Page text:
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Keith Mazer -- the King of Stock Parking and the Earl of Penny Stock Frauds

Keith Alan Mazer

How he does it 

           This web page sets forth the stock parking scheme of Keith Alan Mazer ("Mazer"), a Denver stock promoter, with respect to the common stock of CleanTech Biofuels, Inc. ("CLTH"). Mazer employed this scheme to reap millions of dollars from unsuspecting investors in a "pump and dump" scheme from 2007 through 2009. CLTH's common stock is registered under the Securities Act of 1934. In 2007, and thereafter, Mazer utilized various artifices to conceal his ownership of more than 20% of the common stock of CLTH, and his control of the trading float.  Mazer knew of the reporting requirements of SEA 13d and the requirements to report such ownership in CLTH's SB-2 registration statement 333-145939, effective January 3, 2008 (the "Registration Statement," and intentionally structured his ownership to evade the reporting and disclosure requirements. Mazer sold the shares into the public markets well into calendar 2009, while the shelf registration statement was effective. These facts are supported by documents and by Mazer's sworn trial testimony in Anahuac Management v. Mazer, case number  2:09-cv-01590-MMD-PAL (the "Trial Transcript" or "TT").

            It seems amazing that Mazer would so brazenly admit his illegal conduct in  Federal court. Stock parking is a crime. Ivan Boesky and Michael Milliken went to prison for stock parking. The only explanation is that he must have thought the statute of limitations expired January 3, 2013, the fifth anniversary of the effective date of the Registration Statement. Mazer is ill advised, since the Registration Statement was a "shelf offering" and the statute does not begin to run until Mazer's sales ended in 2009.

            Mazer was also involved in another pump and dump of Surgline International, Inc., trading under the symbol SGLN. SGLN touted a forecast of $10,000,000 in sales from a contract with a third party. Our investigation uncovered the fact that the touted "contract" never dame to fruition. Meanwhile, press releases and Mazer's posts on the investors hub forum under the handles "jude," "mm107" supported his sales of 545 million shares. Later, when we brought SGLN to the attention of the SEC, trading was halted. SGLN had nominal sales and we believe that all or a substantial portion of its sales were believe were fictitious and were to a Mazer company named Tech Therapy LLC.

           

Currently, Mazer is up to the same tricks with respect to the stock of a company named Praxsyn Corporation, symbol PXYN. The Investors Hub handle "jude" has been changed to "Lighthouse" and the pumping continues, with ownership of hundreds of millions of PXYN shares concealed. The stock price has been pummelled down from a high of $.20 to half a penny. Yes, the same game continues unabated and as usual the SEC is asleep at the wheel. Mazer, Madoff. Same Same.

           

See, for example, our screeds about PXYN and their ilk at http://www.stoppennyscams.org.<\p>

The Definition of Beneficial Ownership

Securities Exchange Act of 1934 ("SEA") Section 13d and Rule 13(d) promulgated thereunder require that ownership of more than 5% of a class of shares be disclosed under certain circumstances. With respect to the CLTH SB-2, 13d disclosure is required for all shareholders, and also selling stockholders in the Registration Statement, pursuant to Regulation SB (now superseded by Regulation SK) Sections  403[1] and 507.[2]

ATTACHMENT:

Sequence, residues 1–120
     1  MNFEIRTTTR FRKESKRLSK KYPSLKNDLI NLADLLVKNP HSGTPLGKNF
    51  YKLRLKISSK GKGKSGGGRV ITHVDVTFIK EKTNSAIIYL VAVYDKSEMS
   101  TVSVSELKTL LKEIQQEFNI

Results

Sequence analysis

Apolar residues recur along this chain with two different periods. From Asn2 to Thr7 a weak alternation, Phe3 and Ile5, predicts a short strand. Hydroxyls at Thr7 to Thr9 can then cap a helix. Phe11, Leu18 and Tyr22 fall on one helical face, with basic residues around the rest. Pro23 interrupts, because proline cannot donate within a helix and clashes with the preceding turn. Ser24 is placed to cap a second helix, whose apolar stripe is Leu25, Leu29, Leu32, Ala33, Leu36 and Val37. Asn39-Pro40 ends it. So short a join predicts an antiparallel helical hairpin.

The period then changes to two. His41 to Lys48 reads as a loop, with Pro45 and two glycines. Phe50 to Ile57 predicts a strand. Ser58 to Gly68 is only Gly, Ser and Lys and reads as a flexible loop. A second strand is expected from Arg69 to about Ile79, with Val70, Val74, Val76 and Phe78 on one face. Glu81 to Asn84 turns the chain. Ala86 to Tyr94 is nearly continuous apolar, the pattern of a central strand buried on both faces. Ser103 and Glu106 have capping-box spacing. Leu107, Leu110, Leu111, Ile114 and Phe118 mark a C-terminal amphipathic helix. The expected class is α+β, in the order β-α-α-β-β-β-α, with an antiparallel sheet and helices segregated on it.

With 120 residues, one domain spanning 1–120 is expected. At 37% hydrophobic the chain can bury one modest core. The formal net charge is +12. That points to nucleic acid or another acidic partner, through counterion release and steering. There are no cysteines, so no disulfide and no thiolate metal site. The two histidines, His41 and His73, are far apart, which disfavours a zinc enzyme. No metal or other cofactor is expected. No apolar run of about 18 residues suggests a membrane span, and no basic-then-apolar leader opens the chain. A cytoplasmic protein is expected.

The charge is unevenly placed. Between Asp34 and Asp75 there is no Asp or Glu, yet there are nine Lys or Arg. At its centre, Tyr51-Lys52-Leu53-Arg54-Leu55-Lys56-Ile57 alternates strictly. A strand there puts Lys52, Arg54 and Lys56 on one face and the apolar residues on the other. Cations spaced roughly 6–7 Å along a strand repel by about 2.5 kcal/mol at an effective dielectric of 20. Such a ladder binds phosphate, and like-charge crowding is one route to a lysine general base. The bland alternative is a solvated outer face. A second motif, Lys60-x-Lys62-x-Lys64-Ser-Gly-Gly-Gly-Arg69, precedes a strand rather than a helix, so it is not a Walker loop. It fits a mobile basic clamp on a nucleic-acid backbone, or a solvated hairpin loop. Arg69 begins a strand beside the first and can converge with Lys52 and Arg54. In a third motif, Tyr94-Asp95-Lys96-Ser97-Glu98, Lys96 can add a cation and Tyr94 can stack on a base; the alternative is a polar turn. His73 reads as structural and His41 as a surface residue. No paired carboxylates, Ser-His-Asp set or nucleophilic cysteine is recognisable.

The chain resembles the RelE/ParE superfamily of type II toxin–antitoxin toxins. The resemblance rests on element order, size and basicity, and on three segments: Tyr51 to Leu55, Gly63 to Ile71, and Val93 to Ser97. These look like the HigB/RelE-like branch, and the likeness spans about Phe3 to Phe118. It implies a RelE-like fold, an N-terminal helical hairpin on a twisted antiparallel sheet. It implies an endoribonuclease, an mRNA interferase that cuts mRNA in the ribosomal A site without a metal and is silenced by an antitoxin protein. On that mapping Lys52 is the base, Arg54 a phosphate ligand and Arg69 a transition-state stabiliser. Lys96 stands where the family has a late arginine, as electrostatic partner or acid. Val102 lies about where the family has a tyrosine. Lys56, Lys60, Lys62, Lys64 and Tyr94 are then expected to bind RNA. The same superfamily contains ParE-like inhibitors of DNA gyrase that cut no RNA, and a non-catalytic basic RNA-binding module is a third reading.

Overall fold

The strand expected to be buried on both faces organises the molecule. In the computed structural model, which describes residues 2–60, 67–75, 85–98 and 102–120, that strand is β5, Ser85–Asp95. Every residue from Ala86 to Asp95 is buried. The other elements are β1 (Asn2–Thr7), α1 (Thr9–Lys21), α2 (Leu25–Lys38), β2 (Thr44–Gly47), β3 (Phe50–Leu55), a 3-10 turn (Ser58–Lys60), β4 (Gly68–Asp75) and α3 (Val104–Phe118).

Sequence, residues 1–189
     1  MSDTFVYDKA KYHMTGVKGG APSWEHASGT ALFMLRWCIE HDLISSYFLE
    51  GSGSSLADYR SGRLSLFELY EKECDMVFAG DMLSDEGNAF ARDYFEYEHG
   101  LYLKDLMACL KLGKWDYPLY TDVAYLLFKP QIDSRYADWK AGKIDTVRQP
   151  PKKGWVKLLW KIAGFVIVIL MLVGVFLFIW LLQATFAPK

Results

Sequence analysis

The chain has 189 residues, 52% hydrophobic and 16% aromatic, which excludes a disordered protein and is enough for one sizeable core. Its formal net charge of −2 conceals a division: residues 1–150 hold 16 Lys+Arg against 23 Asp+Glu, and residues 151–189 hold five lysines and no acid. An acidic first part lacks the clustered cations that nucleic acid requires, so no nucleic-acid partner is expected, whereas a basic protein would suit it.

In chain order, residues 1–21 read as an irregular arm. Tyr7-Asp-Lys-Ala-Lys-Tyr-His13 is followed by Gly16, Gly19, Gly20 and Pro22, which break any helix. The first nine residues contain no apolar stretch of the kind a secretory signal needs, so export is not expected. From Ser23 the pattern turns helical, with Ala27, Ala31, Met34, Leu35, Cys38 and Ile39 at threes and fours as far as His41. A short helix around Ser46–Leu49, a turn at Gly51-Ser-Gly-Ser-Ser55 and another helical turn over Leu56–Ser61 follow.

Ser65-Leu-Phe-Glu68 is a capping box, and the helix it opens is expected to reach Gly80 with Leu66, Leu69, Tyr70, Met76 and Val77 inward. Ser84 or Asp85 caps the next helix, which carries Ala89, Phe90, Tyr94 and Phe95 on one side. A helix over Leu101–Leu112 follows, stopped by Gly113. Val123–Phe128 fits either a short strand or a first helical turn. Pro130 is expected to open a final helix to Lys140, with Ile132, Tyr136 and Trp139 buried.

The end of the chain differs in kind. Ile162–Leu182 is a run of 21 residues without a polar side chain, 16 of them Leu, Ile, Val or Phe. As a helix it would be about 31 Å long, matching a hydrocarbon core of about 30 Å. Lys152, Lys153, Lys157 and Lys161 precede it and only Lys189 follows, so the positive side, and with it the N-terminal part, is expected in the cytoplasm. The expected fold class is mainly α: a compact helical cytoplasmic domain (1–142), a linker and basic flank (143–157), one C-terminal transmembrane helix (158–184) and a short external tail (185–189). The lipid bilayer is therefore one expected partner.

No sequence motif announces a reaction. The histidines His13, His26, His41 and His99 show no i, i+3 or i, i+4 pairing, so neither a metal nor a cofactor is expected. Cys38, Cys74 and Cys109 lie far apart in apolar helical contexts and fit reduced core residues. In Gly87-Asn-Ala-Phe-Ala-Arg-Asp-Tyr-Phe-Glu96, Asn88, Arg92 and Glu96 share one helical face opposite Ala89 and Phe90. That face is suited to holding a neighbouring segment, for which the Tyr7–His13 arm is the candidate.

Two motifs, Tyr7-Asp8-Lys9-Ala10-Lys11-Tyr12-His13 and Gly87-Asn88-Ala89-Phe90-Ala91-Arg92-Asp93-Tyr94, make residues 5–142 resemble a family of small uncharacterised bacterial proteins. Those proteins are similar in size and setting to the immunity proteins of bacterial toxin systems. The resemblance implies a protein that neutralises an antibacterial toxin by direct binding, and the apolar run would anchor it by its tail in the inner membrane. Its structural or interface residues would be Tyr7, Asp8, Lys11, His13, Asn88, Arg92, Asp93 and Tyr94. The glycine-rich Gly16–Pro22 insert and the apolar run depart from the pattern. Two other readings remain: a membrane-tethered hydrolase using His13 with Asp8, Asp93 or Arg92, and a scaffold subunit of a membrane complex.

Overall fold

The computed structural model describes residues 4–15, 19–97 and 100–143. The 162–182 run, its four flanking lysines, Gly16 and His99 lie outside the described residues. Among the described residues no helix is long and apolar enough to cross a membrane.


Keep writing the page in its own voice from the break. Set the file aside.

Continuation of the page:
Regulation SB 403 refers to SEA Rule 13d-3(d)(1) for the determination of "beneficial ownership."[3] In brief, under this Rule, a person has beneficial ownership of a security if he or she has the right to vote or to direct the voting of the securities, or has the power to dispose of or direct the disposition of a security. If a person owns securities in more than one form of ownership (eg, individual or through any entity, his or her beneficial ownership has to be aggregated. Finally, if the "beneficial owner" uses any scheme or arrangement to try to avoid meeting the 5% threshold, he or she is deemed to nevertheless be a beneficial owner. Mazer was the beneficial owner of at least 8,378,667 shares, or 16.7% of the outstanding shares as of the date of the Prospectus, and likely the beneficial owner of  additional shares which brought him to 23% ownership as of the date of the Prospectus--in either case, Mazer had control status, rendering invalid the Registration Statement not only materially misleading with respect to his shares, but also requiring him to sell via Rule 144 notice of sale requirements-which he failed to do.

The CLTH Reverse Merger

            CLTH "went public" through a reverse merger in 2007 with Long Road Entertainment, Inc. Immediately prior to the reverse merger, Long Road converted promissory notes into common stock, as follows (source, Part II, page 88, of Registration Statement) (Exhibit A):

 

Holder

Number of Shares

Brite Star Associates, Inc.

1,777,867

Two Shamrocks, Inc.

1,600,000

Fountain Consulting, Inc.

1,482,000

St. Ives Consulting, Inc.

1,368,000

STL Capital Holdings, Inc.

1,638,933

Duluth Venture Capital Partners

1,500,000

 

            Based on the disclosure in Part II of the Registration Statement, prior to the note conversion, Long Road had 752,096 shares outstanding; an additional 38,623,780 shares were issued in the reverse merger, resulting in 48,742,676 shares outstanding immediately after the reverse merger but before Mazer and others bought more stock via CLTH's convertible debenture offering.

Mazer Owned Shares Thorough Several Entities

            Probably the best way to illustrate that Mazer controlled the float and engaged in stock parking is to take the list of Mazer-controlled Selling Stockholders from the CLTH Registration Statement, add on to it the 1,500,000 free trading shares held by Duluth Venture Capital Partners, and add on to it a column with the percentage of public float held by that person: